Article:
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Edited by George Schaub Posted: Aug 12, 2014 0 comments

The Nikon D4S is a professional SLR system for sports and action photography. It has a full-frame sensor (36x23.9mm) that Nikon calls the “FX” format. In combination with the new EXPEED 4 image processing system, the new sensor offers an extended ISO speed range: the “native” range is between ISO 100 and 25,600, with an additional high mode equivalent of ISO 409,600 (!). The noise results are impressive in the native ISO range, while images with ISO 102,400 and ISO 204,800 show nearly the same noise artifacts as APS-C cameras in the ISO 12,800 to ISO 25,600 range.

Edited by George Schaub Posted: Aug 23, 2013 Published: Jul 01, 2013 3 comments
The D5200 follows Nikon’s D5100 and offers a new sensor with higher resolution (24MP instead of 16MP in the D5100). The new camera has an APS-C-sized CMOS sensor and uses a fast and reliable AF system with 39 focus sensors, including nine cross-type sensors. The photographer can toggle between different AF modes with nine, 21, or 39 points with dynamic-area mode and use predictive focus tracking for moving subjects.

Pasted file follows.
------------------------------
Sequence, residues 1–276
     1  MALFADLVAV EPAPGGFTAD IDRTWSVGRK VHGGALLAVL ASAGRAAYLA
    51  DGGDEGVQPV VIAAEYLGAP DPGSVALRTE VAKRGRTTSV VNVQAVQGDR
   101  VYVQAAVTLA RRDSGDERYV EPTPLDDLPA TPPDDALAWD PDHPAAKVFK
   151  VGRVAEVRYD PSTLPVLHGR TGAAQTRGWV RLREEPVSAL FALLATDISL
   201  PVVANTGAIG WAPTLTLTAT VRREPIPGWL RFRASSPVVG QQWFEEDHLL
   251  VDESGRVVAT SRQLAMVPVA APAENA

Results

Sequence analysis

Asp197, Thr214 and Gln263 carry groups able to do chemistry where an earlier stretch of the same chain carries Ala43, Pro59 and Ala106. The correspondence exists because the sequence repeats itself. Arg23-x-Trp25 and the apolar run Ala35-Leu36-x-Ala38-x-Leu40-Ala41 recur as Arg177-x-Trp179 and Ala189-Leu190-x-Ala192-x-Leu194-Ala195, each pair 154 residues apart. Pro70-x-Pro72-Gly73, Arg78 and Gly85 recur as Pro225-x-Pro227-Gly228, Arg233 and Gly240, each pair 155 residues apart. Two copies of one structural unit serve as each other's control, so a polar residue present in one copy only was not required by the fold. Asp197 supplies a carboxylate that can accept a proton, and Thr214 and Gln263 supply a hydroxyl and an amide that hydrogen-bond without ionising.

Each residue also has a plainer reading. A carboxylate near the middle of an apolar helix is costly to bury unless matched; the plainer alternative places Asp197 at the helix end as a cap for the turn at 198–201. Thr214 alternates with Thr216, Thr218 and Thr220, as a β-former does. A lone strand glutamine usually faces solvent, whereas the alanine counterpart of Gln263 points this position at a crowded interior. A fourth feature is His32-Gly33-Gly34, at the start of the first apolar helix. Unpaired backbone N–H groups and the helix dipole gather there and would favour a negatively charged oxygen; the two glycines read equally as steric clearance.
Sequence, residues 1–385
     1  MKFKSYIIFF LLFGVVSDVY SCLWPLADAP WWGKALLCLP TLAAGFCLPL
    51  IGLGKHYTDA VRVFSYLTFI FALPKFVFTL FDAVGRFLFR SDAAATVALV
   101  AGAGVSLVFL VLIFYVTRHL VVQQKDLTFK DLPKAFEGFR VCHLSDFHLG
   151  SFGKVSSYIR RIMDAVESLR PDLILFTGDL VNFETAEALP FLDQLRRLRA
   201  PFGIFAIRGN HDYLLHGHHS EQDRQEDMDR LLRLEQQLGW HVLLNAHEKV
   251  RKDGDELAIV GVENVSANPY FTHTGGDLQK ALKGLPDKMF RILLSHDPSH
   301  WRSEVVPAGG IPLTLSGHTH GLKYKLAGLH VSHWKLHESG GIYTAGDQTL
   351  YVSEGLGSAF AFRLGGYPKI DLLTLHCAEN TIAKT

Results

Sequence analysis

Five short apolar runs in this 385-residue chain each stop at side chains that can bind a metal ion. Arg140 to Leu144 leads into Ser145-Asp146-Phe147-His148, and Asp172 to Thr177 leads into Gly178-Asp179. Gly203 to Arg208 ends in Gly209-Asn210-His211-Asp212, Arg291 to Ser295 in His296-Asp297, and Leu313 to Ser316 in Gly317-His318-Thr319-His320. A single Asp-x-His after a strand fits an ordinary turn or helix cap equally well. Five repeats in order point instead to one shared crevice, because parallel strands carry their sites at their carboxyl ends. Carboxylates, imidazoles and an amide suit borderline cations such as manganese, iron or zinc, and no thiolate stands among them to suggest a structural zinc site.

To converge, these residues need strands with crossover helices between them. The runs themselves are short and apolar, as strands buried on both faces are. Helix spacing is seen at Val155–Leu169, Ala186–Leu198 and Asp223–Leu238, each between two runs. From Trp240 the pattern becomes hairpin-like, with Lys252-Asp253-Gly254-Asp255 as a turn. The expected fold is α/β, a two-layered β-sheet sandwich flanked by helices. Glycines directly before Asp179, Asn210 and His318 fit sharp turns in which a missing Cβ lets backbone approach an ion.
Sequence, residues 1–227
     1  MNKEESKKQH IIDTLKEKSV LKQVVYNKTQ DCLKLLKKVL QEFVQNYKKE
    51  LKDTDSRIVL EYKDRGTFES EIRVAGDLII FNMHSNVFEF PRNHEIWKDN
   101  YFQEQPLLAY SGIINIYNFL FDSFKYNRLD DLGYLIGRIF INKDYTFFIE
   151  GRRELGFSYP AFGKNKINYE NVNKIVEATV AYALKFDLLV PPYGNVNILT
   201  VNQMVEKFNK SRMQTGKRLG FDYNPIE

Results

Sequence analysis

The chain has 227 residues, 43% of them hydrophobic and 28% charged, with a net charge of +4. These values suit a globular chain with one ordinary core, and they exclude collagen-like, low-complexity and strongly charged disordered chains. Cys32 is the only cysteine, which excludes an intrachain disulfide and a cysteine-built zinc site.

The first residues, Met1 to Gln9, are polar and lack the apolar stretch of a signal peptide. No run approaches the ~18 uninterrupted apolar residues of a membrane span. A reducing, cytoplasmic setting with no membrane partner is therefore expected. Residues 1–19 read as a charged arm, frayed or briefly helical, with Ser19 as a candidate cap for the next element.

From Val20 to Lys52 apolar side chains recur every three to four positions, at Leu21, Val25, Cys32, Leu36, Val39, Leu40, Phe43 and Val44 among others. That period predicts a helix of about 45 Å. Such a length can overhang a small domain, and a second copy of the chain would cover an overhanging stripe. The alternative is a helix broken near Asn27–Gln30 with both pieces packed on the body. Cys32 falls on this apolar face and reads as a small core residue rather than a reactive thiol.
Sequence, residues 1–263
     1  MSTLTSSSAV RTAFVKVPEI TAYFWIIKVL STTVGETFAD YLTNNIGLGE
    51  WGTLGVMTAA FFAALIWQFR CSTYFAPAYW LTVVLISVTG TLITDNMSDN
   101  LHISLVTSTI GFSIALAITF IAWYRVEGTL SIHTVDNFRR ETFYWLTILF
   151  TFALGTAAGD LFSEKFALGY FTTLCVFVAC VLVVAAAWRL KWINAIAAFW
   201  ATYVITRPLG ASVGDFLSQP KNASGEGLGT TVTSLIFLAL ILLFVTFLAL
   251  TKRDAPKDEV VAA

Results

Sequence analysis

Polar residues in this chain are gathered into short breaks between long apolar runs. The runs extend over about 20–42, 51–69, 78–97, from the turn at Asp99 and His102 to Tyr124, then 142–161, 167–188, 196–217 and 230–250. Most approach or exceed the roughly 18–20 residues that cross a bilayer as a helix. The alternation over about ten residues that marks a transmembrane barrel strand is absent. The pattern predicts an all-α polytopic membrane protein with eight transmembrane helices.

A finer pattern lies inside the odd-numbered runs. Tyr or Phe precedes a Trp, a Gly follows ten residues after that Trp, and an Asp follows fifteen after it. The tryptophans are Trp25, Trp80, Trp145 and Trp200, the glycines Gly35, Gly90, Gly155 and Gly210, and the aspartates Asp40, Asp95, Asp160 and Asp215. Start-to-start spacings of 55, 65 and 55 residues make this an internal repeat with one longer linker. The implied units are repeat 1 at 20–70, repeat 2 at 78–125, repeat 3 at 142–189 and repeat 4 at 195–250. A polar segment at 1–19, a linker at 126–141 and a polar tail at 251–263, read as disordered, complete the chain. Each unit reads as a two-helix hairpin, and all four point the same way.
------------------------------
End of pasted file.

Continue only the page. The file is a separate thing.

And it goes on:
Edited by George Schaub Posted: Jun 10, 2014 Published: May 01, 2014 1 comments
The Nikon D5300 follows the Nikon D5200 and there is an important difference between the two. The D5300 has a new image sensor without a low-pass filter, which contributed to an excellent performance in our resolution tests.
The D5300 uses a display with a 3:2 aspect ratio, which shows the whole sensor image without black borders or frames. Compared to the Nikon D5200, the LCD screen is also larger, at 3.2”, and has a very high resolution of 1.04 million RGB dots. The monitor is fully articulated and makes for very comfortable shooting.
Edited by George Schaub Posted: May 10, 2013 Published: Apr 01, 2013 0 comments
The Nikon D600 is the smallest of the company’s full-format sensor cameras yet due to the same seals and protections as the Nikon D800 and its very robust body, it can be used outdoors under rugged and rainy weather conditions.
Edited by George Schaub Posted: Sep 17, 2013 Published: Aug 01, 2013 3 comments
The Nikon D7100 is the newest of Nikon’s D-SLRs with a DX sensor (APS-C size). This is a new sensor without a low-pass filter, a very unique feature in this class because nearly all compact and SLR cameras use low-pass filter systems to avoid moiré and aliasing effects. The sensor has a resolution of 24MP (6000x4000 pixels). We did our tests with the kit version of the D7100, using the AF-S DX NIKKOR 18-105mm f/3.5-5.6G ED VR, said to be optimized for DX cameras.
Edited by George Schaub Posted: Aug 20, 2012 Published: Jul 01, 2012 14 comments